Mudbound (Drama, History) (2017)
Director: Dee Rees
Writers: Virgil Willaims, Dee Rees, Hillary Jordan (Based on Novel by)
Starring: Jason Clarke, Carey Mulligan, Jason Mitchell, Garrett Hedlund
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Directly after WWII, Mudbound takes places on a large plot of land inhabited by the Jackson family. Former slaves on these grounds, Hap Jackson (Rob Morgan) and his sizeable family hope to one day fulfil their dreams and construct a large home on the hectares of land Hap is glad to hold. Before long the McAllan family moves in, sooner than expected; lead by expectant father Henry (Jason Clarke) who's been swindled supposedly purchasing the land Hap and his family have been living on but finding out that the seller is long gone and so is the money invested.
The slow-paced period piece that is Mudbound is perhaps one of the most recent standouts in its depiction of an America still not having come to terms with an equal society. It's a fragile balance between the two low-income families being forced to live in close proximity; a generational story is gradually unfolded on the Mississippi Delta's farming grounds. Director Dee Rees' recreation of Hillary Jordan's novel is a confrontation with history. Racial tension dominating the foreground. The singular setting being used as the primary backdrop for the characters do the rest of the movie justice, with so much attention going to the character work it is surprising that this film went below my radar for the time it has, it might not be the first to feature a story like this. Still, it's unequalled in its attempt. Later in the film, with most relationships and the social hierarchy firmly established, the son of Jackson and the younger brother of McAllen who both served in WWII, return to their families on the farm. Jamie McAllen has different views than his elder brother Henry, not to mention his father Pappy McAllen (Jonathan Banks). Bonding over their time in the war Jamie and Ronsel (Jason Mitchell) show the southerners something different, a disregard for the colour of one's skin which warrants wonder from the Jackson family and criticism from the McAllan's.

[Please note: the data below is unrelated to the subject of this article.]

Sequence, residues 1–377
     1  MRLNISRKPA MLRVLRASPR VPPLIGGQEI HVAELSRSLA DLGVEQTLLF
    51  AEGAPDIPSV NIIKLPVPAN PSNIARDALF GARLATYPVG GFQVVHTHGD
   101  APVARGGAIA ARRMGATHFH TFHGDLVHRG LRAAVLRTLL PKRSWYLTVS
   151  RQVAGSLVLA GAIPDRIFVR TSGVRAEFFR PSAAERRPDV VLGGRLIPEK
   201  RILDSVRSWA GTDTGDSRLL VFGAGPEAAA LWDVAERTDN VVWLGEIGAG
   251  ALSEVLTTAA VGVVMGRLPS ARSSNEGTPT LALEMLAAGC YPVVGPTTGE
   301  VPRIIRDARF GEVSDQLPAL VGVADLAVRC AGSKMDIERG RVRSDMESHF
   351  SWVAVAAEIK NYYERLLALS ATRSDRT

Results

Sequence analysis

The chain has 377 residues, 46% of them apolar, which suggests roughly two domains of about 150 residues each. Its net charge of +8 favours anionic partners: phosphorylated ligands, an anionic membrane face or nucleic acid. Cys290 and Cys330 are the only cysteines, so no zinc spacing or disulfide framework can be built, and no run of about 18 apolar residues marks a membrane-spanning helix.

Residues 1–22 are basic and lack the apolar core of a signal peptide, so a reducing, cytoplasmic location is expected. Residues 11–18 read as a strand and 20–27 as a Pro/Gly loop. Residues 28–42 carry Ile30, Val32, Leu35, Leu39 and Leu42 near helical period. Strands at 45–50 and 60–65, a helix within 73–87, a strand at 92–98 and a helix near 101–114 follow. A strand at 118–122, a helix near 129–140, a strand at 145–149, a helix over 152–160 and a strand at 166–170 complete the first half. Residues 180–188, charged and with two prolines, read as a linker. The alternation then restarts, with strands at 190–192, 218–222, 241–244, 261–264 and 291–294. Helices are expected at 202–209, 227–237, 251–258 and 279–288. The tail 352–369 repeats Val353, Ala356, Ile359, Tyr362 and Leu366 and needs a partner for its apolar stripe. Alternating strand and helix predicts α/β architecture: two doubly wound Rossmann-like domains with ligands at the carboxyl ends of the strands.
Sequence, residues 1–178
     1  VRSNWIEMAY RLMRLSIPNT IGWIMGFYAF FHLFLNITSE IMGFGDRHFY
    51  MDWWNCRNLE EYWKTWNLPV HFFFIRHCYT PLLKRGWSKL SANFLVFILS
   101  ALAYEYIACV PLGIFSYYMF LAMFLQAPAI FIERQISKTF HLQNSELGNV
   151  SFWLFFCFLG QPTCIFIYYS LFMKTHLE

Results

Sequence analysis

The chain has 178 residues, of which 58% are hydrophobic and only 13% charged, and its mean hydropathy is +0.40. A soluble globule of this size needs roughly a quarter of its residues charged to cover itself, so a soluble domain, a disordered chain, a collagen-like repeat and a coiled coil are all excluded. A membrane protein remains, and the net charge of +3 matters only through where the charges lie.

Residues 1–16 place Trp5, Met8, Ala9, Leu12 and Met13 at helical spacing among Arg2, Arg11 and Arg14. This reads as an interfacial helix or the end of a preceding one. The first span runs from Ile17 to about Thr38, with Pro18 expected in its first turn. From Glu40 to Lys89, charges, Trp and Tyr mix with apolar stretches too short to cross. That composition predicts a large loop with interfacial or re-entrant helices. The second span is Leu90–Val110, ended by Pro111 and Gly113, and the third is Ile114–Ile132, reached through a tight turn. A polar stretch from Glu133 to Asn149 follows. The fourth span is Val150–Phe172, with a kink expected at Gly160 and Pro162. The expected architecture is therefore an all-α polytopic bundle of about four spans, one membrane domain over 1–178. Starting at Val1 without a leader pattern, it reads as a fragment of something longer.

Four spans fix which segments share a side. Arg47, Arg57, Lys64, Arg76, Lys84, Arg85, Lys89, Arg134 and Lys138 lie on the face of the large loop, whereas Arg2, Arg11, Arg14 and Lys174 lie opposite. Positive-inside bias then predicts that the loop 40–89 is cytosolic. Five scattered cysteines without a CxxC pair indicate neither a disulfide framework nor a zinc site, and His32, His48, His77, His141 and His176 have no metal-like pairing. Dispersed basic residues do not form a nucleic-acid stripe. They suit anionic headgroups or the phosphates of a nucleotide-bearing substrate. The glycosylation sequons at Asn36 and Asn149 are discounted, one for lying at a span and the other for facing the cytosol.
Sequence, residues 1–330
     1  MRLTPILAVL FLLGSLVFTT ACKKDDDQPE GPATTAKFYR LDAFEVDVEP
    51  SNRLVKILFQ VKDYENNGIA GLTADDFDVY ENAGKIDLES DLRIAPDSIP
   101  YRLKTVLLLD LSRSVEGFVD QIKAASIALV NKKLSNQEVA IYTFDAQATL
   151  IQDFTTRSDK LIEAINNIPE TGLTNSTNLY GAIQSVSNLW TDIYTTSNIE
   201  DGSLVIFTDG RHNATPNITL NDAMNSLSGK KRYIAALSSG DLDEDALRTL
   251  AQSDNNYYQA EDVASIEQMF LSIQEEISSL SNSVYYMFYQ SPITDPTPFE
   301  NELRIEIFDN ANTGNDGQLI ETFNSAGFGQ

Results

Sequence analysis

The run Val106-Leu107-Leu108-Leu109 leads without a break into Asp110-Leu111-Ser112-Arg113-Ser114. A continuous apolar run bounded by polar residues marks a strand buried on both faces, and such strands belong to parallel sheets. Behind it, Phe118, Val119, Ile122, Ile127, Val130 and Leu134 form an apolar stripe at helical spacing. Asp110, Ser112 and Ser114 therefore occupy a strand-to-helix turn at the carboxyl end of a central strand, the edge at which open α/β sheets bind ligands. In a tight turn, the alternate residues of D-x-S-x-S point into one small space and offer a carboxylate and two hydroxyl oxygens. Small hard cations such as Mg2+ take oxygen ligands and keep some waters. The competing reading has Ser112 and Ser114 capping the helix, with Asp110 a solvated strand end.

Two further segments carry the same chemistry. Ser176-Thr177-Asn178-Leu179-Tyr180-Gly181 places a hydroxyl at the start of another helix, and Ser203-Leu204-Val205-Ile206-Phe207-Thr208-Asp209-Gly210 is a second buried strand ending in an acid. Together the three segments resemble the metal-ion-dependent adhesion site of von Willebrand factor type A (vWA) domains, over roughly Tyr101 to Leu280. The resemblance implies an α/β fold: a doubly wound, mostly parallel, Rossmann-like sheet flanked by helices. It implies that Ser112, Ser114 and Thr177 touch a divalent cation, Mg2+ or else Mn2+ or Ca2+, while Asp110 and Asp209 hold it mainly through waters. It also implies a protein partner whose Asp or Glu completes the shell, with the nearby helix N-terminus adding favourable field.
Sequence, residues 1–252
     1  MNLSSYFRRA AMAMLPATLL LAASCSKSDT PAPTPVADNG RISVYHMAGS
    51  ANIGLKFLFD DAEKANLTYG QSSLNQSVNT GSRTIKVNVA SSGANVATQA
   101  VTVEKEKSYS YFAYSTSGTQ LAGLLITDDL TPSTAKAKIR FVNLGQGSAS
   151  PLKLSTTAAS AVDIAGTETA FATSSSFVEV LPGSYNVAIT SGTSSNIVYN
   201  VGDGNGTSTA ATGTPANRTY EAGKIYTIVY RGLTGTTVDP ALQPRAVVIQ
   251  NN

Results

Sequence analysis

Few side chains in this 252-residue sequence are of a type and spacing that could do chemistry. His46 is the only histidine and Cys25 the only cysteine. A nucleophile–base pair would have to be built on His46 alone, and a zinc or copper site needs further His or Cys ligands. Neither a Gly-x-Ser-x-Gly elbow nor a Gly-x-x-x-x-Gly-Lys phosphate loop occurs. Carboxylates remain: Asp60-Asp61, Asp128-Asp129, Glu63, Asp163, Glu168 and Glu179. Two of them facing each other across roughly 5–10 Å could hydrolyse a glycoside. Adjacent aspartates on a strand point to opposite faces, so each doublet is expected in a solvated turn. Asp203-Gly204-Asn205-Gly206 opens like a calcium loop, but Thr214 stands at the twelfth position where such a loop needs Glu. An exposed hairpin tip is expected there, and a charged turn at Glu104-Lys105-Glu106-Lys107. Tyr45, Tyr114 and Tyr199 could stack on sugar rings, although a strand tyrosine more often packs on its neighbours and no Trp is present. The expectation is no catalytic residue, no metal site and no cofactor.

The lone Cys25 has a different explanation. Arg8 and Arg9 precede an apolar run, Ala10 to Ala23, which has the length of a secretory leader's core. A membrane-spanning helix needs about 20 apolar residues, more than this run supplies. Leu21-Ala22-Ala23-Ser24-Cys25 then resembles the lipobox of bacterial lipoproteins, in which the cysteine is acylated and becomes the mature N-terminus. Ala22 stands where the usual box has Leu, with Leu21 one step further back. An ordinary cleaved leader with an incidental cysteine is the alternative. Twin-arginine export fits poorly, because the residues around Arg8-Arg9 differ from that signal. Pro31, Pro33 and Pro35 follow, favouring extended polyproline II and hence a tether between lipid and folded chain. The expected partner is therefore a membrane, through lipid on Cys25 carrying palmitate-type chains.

The shifting attitudes, fickle personalities and aversive glares create a social warzone. The returning sons struggle to adjust in a social construct vastly different from what they've grown to see. With a relatively small cast featuring multiple familiar faces such as Jonathan Banks, Rob Morgan and Jason Clarke, the writers and it's director manage to blend subjects like molasses in rye bread. The setting and style are excellently done, balancing the grim with some more light-hearted moments all leading to a harsh reality check at the end.
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Even if we all end up face down in the mud, take a chance on this film while you still can.